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New ovarian cancer test is a ‘potential game-changer’

27/11/2018

Ovarian cancer treatment is much more effective if it’s administered during the early stages of the disease. In fact, when ovarian cancer is diagnosed early, approximately 94% of patients have a good prognosis post-treatment. However, the reality is that relatively few cases (about 20%) of ovarian cancer are diagnosed early, which makes treatment less effective. But a newly developed blood test could change this. Beyong a full pelvic exam, medical professionals, at present, have two options when it comes to testing for ovarian cancer: a transvaginal ultrasound and a cancer antigen 125 (CA 125) blood test. Unfortunately, both have significant limitations. For example, while the ultrasound can detect growths, it cannot determine whether they are cancerous. The CA 125 test looks for a specific ovarian cancer marker, but people with unrelated conditions also have high levels of this particular antigen. These limitations of the existing tests are one of the driving forces behind the development of the new blood test. The new test, developed by a team from Griffith University and the University of Adelaide (both in Australia), looks for telltale sugars associated with ovarian cancer cells. According to the findings of the team’s study, the new blood test detected large levels of the sugars in 90% of people with stage 1 ovarian cancer and 100% of people with later stage ovarian cancer. Moreover, the test detected none of the telltale sugars in healthy participants. Prof. James Paton, one of the study authors, said the test is a huge step toward diagnosing ovarian cancer in its early stages. “Ovarian cancer is notoriously difficult to detect in its early stages, when there are more options for treatment and survival rates are better. Our new test is therefore a potential game-changer,” he said.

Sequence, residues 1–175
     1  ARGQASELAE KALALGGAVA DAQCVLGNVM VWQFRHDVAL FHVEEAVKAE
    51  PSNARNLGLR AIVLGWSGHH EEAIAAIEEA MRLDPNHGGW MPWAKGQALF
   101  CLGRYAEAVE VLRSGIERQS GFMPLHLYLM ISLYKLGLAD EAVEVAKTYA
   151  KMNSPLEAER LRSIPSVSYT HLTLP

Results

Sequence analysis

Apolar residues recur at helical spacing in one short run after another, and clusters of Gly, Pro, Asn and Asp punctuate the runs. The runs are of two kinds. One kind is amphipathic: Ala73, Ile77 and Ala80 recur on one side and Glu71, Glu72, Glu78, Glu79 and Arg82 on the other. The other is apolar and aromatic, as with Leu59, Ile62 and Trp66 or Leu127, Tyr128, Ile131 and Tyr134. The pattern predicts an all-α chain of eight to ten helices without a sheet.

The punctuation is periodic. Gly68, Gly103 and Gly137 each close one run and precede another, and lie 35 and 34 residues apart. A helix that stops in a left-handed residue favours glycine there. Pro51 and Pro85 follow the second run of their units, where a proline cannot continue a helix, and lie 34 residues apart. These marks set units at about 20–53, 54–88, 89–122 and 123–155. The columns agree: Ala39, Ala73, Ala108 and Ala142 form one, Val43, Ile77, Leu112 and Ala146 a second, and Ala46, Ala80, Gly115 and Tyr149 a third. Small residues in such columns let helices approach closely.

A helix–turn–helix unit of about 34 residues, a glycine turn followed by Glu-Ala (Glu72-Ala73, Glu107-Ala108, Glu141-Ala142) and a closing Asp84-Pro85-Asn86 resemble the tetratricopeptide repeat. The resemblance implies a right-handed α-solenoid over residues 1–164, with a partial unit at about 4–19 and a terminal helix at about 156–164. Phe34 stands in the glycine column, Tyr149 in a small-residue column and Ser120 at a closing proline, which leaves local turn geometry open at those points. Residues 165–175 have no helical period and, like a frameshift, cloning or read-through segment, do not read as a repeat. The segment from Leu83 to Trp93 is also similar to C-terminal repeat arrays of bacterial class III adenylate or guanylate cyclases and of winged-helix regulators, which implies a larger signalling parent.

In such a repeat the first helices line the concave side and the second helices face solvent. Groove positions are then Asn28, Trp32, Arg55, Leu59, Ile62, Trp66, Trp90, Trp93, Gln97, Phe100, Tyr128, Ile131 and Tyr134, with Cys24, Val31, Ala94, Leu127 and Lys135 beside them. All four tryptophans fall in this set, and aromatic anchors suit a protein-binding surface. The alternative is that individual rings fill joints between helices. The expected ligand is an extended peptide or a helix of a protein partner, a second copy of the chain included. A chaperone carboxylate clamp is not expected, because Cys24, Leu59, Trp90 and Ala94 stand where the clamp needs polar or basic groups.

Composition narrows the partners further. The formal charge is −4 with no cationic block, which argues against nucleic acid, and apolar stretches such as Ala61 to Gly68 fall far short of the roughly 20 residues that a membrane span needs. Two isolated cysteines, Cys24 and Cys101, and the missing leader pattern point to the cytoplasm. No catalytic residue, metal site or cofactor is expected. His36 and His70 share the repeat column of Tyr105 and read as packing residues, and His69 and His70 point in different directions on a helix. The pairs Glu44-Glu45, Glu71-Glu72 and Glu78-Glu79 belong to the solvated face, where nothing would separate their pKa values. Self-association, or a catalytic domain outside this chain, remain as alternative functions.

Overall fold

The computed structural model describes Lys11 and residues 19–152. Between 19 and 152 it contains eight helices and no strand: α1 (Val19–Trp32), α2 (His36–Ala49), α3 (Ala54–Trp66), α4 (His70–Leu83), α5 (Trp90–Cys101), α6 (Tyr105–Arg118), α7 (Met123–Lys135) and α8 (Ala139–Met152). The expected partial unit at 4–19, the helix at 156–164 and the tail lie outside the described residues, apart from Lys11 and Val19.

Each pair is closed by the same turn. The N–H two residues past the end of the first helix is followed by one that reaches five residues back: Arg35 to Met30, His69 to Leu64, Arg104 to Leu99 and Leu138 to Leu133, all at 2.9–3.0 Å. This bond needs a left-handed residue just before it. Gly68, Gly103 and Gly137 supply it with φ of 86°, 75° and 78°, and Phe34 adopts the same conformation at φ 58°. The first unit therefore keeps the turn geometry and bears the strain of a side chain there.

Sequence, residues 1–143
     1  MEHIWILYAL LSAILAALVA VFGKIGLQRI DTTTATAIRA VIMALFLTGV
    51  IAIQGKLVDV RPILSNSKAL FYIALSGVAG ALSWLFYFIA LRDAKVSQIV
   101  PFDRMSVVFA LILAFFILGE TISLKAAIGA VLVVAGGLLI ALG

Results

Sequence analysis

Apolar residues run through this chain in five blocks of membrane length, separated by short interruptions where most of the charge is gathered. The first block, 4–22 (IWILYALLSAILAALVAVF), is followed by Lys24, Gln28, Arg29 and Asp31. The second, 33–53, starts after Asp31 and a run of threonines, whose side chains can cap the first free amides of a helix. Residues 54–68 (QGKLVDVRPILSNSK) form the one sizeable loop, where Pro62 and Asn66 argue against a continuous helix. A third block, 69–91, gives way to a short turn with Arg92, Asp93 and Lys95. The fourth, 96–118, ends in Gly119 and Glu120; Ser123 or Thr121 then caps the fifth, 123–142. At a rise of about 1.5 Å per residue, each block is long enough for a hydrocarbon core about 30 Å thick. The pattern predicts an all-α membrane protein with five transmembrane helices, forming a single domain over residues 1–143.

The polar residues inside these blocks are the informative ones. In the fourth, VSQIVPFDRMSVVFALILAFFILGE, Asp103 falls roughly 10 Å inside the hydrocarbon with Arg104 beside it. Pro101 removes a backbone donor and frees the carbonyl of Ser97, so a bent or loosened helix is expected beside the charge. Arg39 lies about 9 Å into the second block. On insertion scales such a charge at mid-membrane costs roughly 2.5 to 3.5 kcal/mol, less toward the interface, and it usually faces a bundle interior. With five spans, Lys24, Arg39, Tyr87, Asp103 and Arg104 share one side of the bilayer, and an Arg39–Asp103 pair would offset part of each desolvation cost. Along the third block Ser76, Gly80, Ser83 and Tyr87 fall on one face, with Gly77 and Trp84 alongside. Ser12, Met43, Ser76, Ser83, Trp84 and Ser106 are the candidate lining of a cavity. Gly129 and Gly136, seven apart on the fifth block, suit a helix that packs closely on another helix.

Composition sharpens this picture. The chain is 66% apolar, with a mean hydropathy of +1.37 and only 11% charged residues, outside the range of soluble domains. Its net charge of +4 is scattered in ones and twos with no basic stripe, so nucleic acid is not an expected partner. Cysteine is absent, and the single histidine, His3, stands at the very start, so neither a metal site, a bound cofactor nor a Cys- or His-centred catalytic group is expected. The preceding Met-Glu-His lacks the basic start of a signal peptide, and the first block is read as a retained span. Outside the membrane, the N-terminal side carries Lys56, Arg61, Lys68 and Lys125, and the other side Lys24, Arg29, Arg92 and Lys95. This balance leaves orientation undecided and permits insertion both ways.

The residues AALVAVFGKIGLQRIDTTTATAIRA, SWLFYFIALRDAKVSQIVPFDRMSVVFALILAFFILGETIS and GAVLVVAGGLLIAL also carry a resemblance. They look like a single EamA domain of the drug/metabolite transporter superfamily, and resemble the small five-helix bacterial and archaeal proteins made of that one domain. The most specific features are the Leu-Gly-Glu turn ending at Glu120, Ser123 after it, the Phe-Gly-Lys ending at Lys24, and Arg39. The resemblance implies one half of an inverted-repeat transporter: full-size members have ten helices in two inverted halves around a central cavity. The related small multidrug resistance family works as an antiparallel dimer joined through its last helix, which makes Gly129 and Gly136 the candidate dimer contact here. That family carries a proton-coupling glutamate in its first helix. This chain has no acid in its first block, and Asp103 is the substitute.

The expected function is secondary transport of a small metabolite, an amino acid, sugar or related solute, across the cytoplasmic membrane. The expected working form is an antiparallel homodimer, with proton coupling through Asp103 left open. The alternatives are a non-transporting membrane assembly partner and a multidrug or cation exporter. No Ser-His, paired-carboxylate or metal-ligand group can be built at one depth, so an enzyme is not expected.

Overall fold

New prostate cancer test hailed as a breakthrough

24/04/2018

Prostate cancer is the most common cancer in men in the UK, with more than 47,000 new cases diagnosed every year. And up until now, the most widely used tests for the disease had included the PSA blood test, a digital rectal examination (DRE), MRI scans and a biopsy. However, each of these wasn’t without its problems. But now a new ultrasound process, which offers more successful diagnosis and management of prostate cancer, has been identified by researchers at Dundee University. The technique, known as non-invasive shear wave elastography (SWE), offers "much greater accuracy and reliability" than current methods and is less expensive, according to the researchers. It targets the prostate with ultrasound and was evaluated using a study at Dundee University involving around 200 patients. Because cancerous tissue is denser than normal tissue, the shear waves are slowed as they pass through it. During the study, the technique was able to successfully identify 89% of prostate cancers, as well as other more aggressive cancers, including those spreading outside of the prostate. Ghulam Nabi, professor of surgical uro-oncology at Dundee University, said, "Prostate cancer is one of the most difficult to pinpoint. "We are still in a position where our diagnosis of prostate cancer is extremely inefficient, leading to unnecessary treatments for many patients." Speaking about the new test, Prof Nabi said it was “like someone has turned the lights on in a darkened room."